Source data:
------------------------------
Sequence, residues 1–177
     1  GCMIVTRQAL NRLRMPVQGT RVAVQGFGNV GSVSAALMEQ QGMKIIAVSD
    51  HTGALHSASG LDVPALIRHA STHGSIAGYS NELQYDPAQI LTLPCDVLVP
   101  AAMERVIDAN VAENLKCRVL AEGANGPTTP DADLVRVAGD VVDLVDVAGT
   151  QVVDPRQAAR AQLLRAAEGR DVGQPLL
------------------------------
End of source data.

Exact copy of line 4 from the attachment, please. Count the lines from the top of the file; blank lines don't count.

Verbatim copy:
   101  AAMERVIDAN VAENLKCRVL AEGANGPTTP DADLVRVAGD VVDLVDVAGT